Trick or Treat! 5 Halloween sleep tips

Oct 22, 2017 | Holidays

Once our kiddos are old enough to really grasp the whole concept of Halloween, they can’t get enough of it! So, how do we keep sleep on track amidst all this candy and chaos?! Here are my top tips for sleep success this Halloween eve:

1.    Carve out quiet time: If your child is still of a napping age, prioritize the afternoon rest that day to ensure your child is refreshed and ready for an exciting evening. And, whether or not your child is still napping, try to implement an afternoon of quiet time (think books, quiet colouring, puzzles, etc.) leading up to the big, exciting night ahead, so your child does not begin the evening already overtired and overstimulated.

2.    Brew up a plan: Figure out your start time, your trick-or-treating route, and your end-time before Halloween hits, and share your plan with your child. Of course, you will need to make this discussion age-appropriate so your child has a good understanding of how the night will unfold. Children respond very well when they know what is coming up next, but do not generally like surprises in their scheduling. Knowing what the plan is, including what will be expected of them once the evening is over and you have returned home (read: bedtime!) will help the transition from trick-or-treating to hitting-the-hay much more smooth.

3.    Treat your family to an early start: In many cities, provinces, and states, it is already dark by 6pm at this time of year! So, no reason to wait until well-past your child’s bedtime to get started with your Halloween fun. Start your evening early (particularly with very young children who still need quite an early bedtime), so that you are perhaps only about 30 minutes late for your child’s regular bedtime. This will help to avoid the extreme over-tiredness that can often lead to bedtime battles and night wakes.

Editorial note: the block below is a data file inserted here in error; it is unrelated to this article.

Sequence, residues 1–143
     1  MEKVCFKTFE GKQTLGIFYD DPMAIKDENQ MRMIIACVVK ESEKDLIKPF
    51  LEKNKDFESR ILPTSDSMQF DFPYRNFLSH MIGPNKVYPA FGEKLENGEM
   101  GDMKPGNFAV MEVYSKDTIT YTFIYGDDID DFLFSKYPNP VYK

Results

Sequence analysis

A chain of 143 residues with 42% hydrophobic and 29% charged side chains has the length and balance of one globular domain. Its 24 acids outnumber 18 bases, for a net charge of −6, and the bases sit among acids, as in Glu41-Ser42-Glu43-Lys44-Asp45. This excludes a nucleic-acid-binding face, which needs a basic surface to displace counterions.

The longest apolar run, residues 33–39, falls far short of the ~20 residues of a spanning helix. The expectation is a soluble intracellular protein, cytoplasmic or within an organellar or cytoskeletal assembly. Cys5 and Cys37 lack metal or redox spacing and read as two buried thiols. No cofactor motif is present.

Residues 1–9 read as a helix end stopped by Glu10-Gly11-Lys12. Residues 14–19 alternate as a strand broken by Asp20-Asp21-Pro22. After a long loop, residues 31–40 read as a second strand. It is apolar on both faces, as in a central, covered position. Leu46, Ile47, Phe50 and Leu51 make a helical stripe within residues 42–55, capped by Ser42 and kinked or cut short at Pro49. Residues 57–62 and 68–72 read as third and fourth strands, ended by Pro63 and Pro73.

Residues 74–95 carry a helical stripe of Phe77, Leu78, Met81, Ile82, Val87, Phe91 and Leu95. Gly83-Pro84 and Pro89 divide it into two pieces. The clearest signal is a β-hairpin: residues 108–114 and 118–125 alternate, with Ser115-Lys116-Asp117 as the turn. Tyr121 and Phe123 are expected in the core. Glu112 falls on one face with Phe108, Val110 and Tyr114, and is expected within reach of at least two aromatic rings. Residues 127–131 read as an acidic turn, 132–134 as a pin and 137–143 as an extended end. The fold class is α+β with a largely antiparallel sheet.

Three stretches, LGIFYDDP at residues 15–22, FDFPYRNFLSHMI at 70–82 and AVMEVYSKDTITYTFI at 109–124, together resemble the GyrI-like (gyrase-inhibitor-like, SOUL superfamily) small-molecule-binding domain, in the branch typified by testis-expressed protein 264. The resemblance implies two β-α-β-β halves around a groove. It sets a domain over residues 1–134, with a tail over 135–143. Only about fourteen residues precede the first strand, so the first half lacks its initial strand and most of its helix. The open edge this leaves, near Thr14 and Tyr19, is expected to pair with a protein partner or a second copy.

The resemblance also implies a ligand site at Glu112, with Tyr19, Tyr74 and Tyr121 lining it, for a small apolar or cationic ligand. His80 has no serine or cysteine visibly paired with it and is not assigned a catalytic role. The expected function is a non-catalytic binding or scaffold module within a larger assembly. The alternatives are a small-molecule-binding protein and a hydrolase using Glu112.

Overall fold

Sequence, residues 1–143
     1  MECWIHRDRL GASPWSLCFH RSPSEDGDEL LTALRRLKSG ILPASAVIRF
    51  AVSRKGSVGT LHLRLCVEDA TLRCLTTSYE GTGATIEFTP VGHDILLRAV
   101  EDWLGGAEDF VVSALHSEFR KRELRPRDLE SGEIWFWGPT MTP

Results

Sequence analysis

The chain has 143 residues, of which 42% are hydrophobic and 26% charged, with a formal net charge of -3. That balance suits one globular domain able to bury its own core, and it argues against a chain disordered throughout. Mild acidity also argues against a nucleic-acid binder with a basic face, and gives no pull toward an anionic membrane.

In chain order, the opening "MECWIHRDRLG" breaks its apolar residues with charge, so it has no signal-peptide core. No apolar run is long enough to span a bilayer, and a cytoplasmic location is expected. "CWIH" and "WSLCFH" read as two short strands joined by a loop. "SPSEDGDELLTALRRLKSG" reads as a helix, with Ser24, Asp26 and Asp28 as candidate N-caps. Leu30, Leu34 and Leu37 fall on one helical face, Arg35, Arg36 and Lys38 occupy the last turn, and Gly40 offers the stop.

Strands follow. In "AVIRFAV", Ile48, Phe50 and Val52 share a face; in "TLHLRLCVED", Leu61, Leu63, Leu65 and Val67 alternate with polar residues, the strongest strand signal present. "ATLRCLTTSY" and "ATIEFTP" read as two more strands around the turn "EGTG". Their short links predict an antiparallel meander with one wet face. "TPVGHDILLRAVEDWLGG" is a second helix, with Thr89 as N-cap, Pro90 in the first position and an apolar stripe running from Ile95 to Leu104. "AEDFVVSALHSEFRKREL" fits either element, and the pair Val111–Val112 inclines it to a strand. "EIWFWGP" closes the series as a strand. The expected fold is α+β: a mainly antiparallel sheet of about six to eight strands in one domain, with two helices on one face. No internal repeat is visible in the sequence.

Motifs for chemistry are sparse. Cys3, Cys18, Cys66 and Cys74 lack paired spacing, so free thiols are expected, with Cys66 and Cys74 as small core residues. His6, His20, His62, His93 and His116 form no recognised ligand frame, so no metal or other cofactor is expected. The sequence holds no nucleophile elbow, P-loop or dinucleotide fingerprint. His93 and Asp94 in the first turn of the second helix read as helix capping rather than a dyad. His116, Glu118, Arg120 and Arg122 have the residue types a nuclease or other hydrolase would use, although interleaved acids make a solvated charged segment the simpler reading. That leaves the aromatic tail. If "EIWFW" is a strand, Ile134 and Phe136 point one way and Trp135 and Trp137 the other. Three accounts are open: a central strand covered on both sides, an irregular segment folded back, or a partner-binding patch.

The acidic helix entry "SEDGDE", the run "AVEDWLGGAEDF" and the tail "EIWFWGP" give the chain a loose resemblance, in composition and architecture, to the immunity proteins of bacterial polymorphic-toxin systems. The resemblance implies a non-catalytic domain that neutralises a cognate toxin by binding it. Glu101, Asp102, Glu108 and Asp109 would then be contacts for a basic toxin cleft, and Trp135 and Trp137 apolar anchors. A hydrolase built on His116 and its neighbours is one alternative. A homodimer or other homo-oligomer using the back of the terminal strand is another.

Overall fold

4.    Limit the sweets (to some degree!): Candy is a virtual inevitability on Halloween, but allowing your little one to consume loads of sugar on the trick-or-treating trail, or dig into their candy pile once you’ve returned home directly before trying to put your child to bed, is likely to lead to a wound up little zombie come bathtime! I suggest limiting candy that evening to 2-3 treats, and then saving the rest to be dispersed over the coming days (or weeks!). Another favourite in our home is the “Switch Witch” – my daughter picks a certain number of treats to keep and leaves the rest in a pile on our kitchen table; overnight, the Switch Witch replaces the pile with a fun toy or new book!

5.    Don’t let your bedtime routine get spooked: A proper bedtime routine (bath, PJs, book, bed) is important on every night of the year, in order to help your little one’s body and mind prepare for what is coming up next (a big, long sleep!); however, it’s even more important on “off” nights when your regular schedule or activities have been thrown off by something super exciting like trick-or-treating! So, though it may be tempting to skip the routine on this special night, don’t! A very quick bath or at least a warm wipe-down with a cloth to simulate a bath will signal to your child that normalcy is coming back into place after an evening of utter stimulation! Follow this with snuggling up for a quick book, and then have your little one down not TOO far past their regular bedtime for a great night of sleep after a fun-filled day of spookiness.

Erin Junker is a Professional Infant & Toddler Sleep Consultant, and owner of The Happy Sleep Company, working closely with tired parents to help them help their little ones get the healthy, restful sleep they need. Follow The Happy Sleep Company on Instagram and Facebook – let’s get your family the healthy, happy sleep you deserve!

Disclaimer: I only provide reviews and recommendations for products when I feel they are of great quality. As an Amazon Associate, I earn from qualifying purchases. I am a member of several affiliate marketing programs and, as such, I do receive a commission for purchases made through some product links on this website.

The advice provided by The Happy Sleep Company is not a substitute for medical advice. The advice on this website is provided solely for informational purposes in connection with common early childhood sleep issues that are wholly unrelated to medical conditions. Always seek the advice of your doctor or another qualified health practitioner with questions regarding medical conditions or the health or welfare of your child. 


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